Saturday, May 5, 2012

Viva Ceramica!

May 5, 2012  
A cracked plate becomes an entry greeter
As a potter, I am extremely aware of the energy and permanence involved in ceramics.  The stuff lasts!  I have taken to breaking up flawed pots and turning them into either mosaics (see stair project on previous blog) or mulch.  The softened shards keep the weeds down, the moisture in, and disincline some slimy creatures from traversing over them to eat my lovely plants.
   As we are adding new terraces to our garden, I went to Lytton Springs, our Salvation Army outlet, to seek mulch.  In one hunt, I filled two shopping carts full of pottery: some rejected, thick-walled, beginner projects, broken terra cotta planters, platters,  bowls from stores where you decorate them and they fire it for you (my favorite with “Please sir, may I have some more?” on the bottom), tiles, teapots, and coffee mugs aplenty.  This is the last stop before the dump; an homage to our mindless consumerism.  The items that end up here have made the rounds through the stores, been rejected again and ended up in The Bins, where people scrabble through them (breaking more pottery in said scrabble) to find treasures worthy (or not) or eBay.  I love hunting here.  I imagine I’m rescuing orphans, trying to come up with some better reuse destiny than landfill.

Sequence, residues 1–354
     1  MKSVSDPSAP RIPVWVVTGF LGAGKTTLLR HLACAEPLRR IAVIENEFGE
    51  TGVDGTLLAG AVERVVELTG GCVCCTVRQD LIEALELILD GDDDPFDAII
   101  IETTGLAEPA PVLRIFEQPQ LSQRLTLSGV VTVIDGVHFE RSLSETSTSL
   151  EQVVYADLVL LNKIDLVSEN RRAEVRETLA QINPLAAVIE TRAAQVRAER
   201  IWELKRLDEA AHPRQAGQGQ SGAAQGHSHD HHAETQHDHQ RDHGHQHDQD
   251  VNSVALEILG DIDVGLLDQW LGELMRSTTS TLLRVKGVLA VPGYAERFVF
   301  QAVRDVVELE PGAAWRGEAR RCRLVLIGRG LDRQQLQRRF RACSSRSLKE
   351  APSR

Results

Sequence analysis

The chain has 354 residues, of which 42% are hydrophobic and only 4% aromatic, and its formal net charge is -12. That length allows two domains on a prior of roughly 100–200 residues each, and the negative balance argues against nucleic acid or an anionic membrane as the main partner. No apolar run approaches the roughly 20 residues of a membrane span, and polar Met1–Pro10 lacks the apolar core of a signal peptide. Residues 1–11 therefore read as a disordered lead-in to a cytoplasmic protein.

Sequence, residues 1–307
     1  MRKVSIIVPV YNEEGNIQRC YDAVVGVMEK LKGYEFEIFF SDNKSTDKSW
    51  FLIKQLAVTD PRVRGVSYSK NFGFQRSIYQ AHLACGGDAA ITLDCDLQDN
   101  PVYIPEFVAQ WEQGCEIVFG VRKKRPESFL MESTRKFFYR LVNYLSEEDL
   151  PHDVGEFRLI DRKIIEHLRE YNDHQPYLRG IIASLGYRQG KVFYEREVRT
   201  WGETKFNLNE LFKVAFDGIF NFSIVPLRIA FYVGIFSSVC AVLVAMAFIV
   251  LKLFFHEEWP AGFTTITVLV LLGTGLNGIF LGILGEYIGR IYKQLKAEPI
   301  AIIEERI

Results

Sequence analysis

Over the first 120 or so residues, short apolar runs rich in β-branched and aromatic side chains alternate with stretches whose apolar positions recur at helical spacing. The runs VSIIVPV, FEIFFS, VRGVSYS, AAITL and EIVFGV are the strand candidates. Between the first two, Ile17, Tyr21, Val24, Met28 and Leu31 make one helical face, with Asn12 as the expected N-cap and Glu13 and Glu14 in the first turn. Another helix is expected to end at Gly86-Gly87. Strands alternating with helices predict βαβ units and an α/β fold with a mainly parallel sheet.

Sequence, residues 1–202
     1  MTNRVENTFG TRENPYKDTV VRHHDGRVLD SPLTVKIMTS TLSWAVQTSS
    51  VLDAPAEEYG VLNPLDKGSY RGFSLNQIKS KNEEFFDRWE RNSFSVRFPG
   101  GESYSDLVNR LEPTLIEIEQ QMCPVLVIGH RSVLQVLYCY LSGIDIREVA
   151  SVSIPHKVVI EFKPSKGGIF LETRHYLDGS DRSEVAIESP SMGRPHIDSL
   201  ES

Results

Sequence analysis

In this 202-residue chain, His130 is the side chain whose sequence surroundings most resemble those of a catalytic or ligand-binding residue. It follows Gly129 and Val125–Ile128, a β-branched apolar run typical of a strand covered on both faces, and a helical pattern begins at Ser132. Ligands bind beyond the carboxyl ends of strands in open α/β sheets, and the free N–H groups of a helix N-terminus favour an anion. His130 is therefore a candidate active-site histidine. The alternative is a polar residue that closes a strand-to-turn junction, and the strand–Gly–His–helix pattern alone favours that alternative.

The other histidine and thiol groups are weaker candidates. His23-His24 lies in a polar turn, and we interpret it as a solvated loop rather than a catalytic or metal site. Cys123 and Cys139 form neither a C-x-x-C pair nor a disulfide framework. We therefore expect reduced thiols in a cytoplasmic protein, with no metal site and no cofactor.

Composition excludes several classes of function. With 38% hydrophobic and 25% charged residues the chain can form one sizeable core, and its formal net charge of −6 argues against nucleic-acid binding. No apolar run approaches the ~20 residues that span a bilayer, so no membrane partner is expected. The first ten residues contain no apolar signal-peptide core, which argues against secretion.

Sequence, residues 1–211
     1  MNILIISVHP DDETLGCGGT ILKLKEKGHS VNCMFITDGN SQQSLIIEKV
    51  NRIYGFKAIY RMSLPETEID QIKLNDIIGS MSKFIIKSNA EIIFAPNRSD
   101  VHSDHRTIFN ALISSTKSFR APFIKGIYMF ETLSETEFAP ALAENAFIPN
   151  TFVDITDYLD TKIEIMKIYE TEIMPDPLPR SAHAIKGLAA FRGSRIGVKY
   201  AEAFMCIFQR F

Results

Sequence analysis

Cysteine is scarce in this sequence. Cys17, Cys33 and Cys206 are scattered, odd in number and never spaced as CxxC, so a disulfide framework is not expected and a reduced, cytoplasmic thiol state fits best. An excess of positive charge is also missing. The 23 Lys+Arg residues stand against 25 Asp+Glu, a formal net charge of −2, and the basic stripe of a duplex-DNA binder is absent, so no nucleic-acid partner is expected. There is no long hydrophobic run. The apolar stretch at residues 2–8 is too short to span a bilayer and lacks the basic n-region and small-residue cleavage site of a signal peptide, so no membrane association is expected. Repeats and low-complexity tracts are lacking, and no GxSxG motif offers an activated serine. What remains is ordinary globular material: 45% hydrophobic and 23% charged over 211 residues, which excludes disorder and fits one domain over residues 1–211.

After paying up (minimally), I filled the car and clanked my way home.  Once there, I proceeded to enjoy the satisfying and therapeutic smashing of the pots into 5-gallon buckets (with gloves and glasses on!).  My quest resulted in 7 buckets worth which I then trucked down to the cement mixer.  It makes a horrendous rattle and smash with a bucket of pottery even with the dampening effect of the water, so we have to time to tumbling to annoy the fewest people.  The terra cotta, being low fired, melts like butter quickly and makes a red slush if you leave it too long (1 hour is more than enough for them).  Stoneware takes longer (2-4 hours), as does glass, which I only occasionally do because its missiles are vicious.  Then I spread a generous layer over the ground, keeping aside some choice pieces for visible locations. 

Ahab, the rescued peg-legged dinosaur who walks and growls now.
Not all my salvages are reasonable and green-minded,
sometimes I'm just silly.

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